How does one discover a gene responsible for heart attack risk?

Myocardial infarction (MI) or heart attack is the leading cause of death in the U.S. MI is the result of interplay between genetics and lifestyle factors. Understanding the inherited basis for MI can pinpoint mechanisms that cause MI in humans and point to new avenues for therapy.

There are 3.2 billion letters of human DNA sequence.  Which specific letters are responsible for risk for MI?  Approaches to identify genes and DNA sequence variants that cause MI include:

  1. Linkage
  2. Association
    1. common variant association
    2. rare variant association

If MI segregates in a family with a pattern consistent with the ratios described by Mendel, linkage analysis and/or sequencing may be used to directly identify the gene and variant responsible for MI. There are several Mendelian syndromes where early MI is a prominent feature and nearly all of these involve high-levels of low-density lipoprotein cholesterol. See review by Rader DJ, Cohen J, Hobbs, HH.  J Clin Invest 2003.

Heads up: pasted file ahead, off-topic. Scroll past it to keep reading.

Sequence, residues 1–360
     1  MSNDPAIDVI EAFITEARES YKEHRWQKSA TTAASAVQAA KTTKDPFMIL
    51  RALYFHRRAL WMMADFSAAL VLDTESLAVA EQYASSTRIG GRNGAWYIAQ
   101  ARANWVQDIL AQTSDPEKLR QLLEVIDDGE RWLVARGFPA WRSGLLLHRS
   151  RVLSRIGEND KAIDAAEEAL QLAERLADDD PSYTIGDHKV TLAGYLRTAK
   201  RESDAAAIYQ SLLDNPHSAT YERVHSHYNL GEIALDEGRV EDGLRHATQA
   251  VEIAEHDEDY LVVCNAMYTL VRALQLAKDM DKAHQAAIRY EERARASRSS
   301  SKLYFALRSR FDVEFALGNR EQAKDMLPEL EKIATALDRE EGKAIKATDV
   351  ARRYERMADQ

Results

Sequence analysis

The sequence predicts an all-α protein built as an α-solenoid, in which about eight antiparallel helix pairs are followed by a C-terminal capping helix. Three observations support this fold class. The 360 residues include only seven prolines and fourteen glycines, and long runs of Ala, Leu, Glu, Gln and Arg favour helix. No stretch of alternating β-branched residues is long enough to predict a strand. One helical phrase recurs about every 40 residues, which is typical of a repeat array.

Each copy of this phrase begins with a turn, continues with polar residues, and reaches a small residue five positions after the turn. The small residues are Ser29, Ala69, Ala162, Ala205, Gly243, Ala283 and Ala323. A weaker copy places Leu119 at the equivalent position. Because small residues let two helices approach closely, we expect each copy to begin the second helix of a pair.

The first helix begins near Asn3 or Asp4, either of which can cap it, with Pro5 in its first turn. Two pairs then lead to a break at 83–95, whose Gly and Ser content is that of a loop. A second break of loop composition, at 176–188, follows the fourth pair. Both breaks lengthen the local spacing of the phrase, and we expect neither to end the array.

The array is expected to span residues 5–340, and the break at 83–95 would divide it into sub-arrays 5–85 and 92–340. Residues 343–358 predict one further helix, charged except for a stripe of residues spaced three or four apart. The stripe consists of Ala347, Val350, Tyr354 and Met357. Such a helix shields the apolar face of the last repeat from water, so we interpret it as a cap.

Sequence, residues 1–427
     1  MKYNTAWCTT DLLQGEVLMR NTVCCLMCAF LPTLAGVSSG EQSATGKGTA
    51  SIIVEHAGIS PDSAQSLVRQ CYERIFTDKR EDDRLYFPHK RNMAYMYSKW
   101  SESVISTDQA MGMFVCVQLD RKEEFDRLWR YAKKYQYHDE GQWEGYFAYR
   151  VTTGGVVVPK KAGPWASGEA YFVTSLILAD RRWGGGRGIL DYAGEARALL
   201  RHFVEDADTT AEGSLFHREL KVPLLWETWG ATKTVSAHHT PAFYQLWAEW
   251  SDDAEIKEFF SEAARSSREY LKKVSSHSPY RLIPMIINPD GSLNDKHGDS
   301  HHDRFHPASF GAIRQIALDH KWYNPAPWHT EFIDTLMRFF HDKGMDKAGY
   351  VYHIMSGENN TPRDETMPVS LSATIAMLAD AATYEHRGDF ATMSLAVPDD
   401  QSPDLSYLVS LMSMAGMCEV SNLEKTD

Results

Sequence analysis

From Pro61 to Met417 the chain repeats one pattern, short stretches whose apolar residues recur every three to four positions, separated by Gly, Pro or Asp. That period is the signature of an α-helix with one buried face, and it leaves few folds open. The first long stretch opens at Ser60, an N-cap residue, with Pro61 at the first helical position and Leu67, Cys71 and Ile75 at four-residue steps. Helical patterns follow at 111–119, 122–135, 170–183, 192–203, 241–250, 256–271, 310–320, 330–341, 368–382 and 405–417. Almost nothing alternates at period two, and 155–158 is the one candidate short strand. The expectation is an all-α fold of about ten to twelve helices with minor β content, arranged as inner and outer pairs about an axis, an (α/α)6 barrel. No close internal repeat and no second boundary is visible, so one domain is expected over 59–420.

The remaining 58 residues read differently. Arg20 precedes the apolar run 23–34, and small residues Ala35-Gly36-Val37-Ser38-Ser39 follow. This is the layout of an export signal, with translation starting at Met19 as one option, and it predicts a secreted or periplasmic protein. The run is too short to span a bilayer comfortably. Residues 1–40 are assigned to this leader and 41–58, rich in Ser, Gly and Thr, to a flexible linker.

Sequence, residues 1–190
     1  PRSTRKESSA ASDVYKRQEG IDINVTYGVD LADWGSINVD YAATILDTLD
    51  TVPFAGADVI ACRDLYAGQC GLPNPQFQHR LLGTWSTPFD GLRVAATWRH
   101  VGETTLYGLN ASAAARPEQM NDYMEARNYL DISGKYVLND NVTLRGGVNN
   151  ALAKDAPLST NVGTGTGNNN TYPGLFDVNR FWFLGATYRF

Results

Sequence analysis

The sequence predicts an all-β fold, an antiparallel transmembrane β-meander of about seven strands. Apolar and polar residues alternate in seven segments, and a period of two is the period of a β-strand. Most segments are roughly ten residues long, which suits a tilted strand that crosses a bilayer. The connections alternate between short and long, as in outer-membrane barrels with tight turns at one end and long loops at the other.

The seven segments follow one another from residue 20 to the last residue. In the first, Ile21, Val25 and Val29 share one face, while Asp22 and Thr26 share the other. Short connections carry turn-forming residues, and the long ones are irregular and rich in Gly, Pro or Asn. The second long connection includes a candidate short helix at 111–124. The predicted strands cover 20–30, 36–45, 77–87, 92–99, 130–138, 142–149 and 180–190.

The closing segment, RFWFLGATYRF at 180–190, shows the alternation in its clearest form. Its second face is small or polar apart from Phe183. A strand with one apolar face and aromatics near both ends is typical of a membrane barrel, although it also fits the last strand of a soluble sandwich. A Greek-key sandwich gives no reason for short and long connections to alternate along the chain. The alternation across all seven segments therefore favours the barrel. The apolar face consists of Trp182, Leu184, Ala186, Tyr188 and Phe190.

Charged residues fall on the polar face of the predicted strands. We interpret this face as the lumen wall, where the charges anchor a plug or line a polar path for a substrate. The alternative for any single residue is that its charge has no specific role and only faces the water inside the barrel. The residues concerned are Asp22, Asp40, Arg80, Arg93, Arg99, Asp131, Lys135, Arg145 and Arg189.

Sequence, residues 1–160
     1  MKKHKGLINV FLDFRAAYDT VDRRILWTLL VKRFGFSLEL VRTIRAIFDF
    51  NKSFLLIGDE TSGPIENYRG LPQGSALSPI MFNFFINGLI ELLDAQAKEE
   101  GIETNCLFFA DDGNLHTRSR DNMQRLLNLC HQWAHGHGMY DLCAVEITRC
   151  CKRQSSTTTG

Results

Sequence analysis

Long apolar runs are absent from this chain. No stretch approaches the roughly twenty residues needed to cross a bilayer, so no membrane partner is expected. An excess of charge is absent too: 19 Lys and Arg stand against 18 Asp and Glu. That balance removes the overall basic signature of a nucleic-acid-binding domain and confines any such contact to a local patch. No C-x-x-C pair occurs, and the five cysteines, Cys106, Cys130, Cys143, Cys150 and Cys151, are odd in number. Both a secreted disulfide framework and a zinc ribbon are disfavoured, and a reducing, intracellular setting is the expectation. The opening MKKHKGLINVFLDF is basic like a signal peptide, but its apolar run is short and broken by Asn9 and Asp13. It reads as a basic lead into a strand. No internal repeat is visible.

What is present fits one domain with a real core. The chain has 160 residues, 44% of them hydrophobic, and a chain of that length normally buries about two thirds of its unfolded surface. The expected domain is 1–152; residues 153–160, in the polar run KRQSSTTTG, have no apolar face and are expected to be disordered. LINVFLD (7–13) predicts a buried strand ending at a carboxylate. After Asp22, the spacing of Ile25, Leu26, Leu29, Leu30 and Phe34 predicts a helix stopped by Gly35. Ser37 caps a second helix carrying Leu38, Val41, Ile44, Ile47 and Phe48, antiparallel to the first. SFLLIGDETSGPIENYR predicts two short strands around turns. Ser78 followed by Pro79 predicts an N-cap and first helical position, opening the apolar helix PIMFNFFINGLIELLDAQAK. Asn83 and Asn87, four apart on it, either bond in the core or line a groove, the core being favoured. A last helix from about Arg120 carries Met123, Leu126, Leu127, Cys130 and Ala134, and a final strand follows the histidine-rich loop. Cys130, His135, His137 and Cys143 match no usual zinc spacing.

In nearly all other cases of MI, association studies are the key approach. Association studies involve testing whether the frequency of a set of one or more alleles differs between cases and a control population, indicating that the set of alleles is associated with the disease.

Common variant association studies (CVAS). Common variants are those frequent enough that it is practical to test each variant individually by estimating its frequency in cases and controls.  An operational definition for common is >0.5% in frequency, corresponding to one heterozygous carrier per 100 people. Association studies of individual common variants are also referred to as genome-wide association studies (GWAS).

Rare variant association studies (RVAS). Rare variants are those <0.5% in frequency. RVAS differs from CVAS in two respects. First, rare variants are too numerous to catalogue comprehensively and so must be directly enumerated in every sample by DNA sequencing rather than by genotyping known variants. Second, and more fundamentally, rare variants occur too infrequently to allow association tests of individual variants. RVAS thus require aggregating rare variants into sets and comparing the aggregate frequency in cases vs. controls.